NY Times biz desk says goodbye to the “Watchdog of Wall Street”
New York Times business editor Ellen Pollock sent out the following announcement on Sunday:
To Biz Day–
I’m sorry to report that Gretchen Morgenson is leaving Biz Day. She’ll be joining the Wall Street Journal where I know she’ll continue to do her very fine work.
Gretchen joined The New York Times in 1998 and has been an inspiration to her colleagues ever since. She uncovered conflicts of interests and violations of shareholders’ rights. She helped readers understand what was going on at Fannie Mae and on Wall Street. And as her recent columns show, she had the backs of Wells Fargo borrowers and college professors relying on TIAA for their retirement planning.
In an interview some years ago, Gretchen said, “I don’t want to be inside the tent. I want my nose pressed up against the glass doing my job.” In every way her work lives up to the name of her column: Fair Game.
Larry Ingrassia points out that there aren’t many journalists recognized by only their first name: “But when you say ‘Gretchen,’ everyone knows who that is. Gretchen helped define financial journalism. Her knowledge of the ways of Wall Street is vast, so when the financial crisis hit, she was at the vanguard. Bravo for an incredible run, Gretchen.”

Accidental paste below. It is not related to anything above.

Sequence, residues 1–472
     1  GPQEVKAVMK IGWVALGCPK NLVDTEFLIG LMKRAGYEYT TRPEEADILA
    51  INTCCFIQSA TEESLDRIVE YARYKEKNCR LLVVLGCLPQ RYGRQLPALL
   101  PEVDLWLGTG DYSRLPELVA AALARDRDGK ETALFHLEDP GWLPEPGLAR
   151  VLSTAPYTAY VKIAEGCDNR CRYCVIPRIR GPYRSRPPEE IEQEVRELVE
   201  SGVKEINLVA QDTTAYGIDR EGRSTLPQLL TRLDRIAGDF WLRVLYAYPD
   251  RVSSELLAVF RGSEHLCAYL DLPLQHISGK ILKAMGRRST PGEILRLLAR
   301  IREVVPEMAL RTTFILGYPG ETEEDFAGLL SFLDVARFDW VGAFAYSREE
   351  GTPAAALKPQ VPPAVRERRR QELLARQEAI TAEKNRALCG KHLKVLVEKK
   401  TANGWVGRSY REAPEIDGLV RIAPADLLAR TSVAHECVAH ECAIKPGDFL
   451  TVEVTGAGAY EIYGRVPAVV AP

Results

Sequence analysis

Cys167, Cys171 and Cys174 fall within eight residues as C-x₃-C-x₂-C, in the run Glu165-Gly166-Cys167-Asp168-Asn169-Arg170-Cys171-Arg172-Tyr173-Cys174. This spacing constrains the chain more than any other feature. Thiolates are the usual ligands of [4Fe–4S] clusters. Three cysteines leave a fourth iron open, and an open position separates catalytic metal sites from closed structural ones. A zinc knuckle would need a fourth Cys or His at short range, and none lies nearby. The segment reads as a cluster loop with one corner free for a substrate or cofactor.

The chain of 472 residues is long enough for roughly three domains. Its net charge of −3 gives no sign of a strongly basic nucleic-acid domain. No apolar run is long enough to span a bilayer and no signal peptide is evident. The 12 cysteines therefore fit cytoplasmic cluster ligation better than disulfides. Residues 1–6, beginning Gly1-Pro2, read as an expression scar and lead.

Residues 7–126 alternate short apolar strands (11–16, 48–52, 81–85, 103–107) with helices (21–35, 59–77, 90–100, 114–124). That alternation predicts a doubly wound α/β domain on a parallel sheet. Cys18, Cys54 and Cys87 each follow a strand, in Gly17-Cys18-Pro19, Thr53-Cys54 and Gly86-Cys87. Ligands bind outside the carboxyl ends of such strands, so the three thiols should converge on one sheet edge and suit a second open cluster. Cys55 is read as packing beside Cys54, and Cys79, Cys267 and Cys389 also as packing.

And then there’s this from Dean Murphy: “Tom Redburn once said, there is the Wolf of Wall Street — and then there’s Gretchen, the Watchdog of Wall Street. She has earned a singular place in financial journalism for holding private equity owners, captains of the hedge fund industry, corporate executives and Wall Street tycoons to account.”
We’ll all miss Gretchen, and her departure is a loss for our readers as well. She’ll be around for about another week, so we’ll have a chance to say our good byes and wish her well.